As with many behavior problems, acknowledging that you have the problem is usually the first step to effective behavioral treatment. Unfortunately for children, we frequently skip right over behavioral treatment and give a drug, but that’s another subject. The point here is that, after tough questioning from Sheldon Whitehouse and others, the Drug Enforcement Agency (DEA) has recognized “the importance of establishing a rule to permit the responsible electronic prescribing of controlled substances.” But now they need to hand the issue off to two other huge bureaucracies, the Office of Management and Budget (OMB) and the Department of Justice, where solutions could be delayed for an undetermined amount of time. From the Whitehouse Press Office:
Studies show that widespread e-prescribing, used today in about 18 percent of doctorsâ€™ practices, could save $20 billion annually, as patients would experience fewer adverse drug events (ADEs) and would be more likely to adhere to a medication regimen. The Center for Information Technology Leadership (CITL) found that a national e-prescribing system could prevent 2.1 million ADEs –130,000 of which are life-threatening — and 190,000 hospitalizations per year.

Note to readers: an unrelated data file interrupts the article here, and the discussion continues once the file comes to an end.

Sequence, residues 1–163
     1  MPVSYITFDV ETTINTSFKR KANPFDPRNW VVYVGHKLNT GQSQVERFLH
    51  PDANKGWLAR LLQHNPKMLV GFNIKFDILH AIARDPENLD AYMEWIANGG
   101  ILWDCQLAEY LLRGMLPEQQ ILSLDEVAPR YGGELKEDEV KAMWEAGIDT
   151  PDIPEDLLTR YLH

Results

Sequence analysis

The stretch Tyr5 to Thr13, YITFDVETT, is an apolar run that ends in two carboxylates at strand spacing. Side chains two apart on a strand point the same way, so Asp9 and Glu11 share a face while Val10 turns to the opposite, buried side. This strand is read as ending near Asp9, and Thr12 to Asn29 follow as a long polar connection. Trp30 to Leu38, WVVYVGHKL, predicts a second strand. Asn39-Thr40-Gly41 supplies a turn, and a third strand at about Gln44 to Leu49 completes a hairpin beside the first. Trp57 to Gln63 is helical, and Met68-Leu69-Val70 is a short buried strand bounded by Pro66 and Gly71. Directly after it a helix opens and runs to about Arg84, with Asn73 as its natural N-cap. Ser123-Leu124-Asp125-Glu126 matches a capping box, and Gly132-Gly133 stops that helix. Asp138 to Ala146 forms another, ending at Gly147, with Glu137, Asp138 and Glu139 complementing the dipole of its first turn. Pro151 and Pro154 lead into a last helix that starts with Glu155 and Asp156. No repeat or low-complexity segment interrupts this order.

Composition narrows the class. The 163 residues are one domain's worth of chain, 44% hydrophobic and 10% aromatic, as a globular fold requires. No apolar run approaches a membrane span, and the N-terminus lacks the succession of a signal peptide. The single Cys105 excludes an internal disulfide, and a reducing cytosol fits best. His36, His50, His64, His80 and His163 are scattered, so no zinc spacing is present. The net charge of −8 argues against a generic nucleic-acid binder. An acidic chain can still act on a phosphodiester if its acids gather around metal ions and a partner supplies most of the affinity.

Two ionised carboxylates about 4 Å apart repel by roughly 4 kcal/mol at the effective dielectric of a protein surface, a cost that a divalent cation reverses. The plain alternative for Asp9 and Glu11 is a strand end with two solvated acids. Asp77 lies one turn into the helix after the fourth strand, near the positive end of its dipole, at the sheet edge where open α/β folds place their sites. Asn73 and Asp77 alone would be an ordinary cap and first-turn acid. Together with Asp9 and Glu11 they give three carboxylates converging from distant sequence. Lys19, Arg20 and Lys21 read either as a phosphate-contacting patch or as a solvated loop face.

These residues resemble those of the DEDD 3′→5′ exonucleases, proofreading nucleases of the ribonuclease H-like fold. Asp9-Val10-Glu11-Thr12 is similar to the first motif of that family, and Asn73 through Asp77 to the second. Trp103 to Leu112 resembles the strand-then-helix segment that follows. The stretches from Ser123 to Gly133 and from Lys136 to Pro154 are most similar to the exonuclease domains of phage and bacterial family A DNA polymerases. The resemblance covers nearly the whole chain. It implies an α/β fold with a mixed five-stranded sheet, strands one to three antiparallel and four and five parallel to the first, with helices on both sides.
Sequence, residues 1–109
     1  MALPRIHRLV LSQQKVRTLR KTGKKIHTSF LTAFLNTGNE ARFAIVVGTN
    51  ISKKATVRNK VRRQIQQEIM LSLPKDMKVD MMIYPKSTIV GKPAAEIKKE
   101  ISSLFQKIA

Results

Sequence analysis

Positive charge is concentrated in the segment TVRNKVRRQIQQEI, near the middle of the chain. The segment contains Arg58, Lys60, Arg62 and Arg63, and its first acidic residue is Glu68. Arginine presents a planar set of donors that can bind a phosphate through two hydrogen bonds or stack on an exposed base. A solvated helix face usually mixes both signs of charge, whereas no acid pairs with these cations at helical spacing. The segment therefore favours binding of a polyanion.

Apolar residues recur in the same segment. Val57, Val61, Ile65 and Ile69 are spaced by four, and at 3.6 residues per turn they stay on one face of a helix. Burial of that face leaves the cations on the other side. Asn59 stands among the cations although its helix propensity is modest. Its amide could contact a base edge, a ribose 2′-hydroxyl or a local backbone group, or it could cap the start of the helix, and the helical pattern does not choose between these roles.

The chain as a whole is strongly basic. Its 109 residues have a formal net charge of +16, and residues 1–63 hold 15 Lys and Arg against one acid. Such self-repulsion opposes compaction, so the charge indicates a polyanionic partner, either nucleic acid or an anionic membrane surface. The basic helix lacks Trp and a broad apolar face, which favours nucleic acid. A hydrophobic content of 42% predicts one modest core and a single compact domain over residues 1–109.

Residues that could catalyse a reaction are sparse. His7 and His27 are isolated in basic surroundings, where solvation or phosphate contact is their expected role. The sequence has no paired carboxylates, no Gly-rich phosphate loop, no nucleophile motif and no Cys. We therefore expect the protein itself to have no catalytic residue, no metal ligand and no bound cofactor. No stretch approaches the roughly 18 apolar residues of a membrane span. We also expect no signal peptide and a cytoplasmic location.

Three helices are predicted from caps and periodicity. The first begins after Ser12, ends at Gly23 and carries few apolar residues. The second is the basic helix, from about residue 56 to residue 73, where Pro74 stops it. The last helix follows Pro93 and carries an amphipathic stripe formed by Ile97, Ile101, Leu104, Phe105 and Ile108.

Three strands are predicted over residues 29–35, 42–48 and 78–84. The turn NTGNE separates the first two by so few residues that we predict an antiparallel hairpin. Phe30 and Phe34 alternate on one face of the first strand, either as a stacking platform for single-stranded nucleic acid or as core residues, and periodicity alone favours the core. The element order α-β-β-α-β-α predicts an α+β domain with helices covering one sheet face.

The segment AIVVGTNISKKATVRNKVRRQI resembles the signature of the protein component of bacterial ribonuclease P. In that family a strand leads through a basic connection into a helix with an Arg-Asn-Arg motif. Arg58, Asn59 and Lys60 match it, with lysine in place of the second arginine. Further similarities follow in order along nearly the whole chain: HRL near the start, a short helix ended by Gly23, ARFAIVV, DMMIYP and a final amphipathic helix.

Current DEA regulations require that doctors write paper prescriptions for controlled substances, such as pain medications, antidepressants and some drugs used to treat asthma in children. As a result, many doctors resort to writing all their prescriptions by hand rather than maintain a paper system for controlled substances and an electronic system for non-controlled substances.
During the Judiciary Committee hearing, Whitehouse and Senator Tom Coburn (R-Okla.) pressed DEA Deputy Assistant Administrator Joseph T. Rannazzisi, of the Office of Diversion Control, on DEA’s timeframe to revise the existing rules, stressing that further delay could slow the development and implementation of a nationwide, integrated system to support health information technology. “You’ve seen intense bipartisan concern about this. This is not an issue where we’re going to go away,” Whitehouse said at the hearing.
Rannazzisi agreed to inform the Committee, within two months, on when a proposed rule would be issued. Following the hearing, Whitehouse and 18 other senators wrote to Attorney General Michael Mukasey, asking him to review the issue and urging the Drug Enforcement Administration to issue new rules promptly.
As we create systems for e-prescribing, I hope we will also work on the problem of overprescribing, particularly as it relates to children and psychiatric care.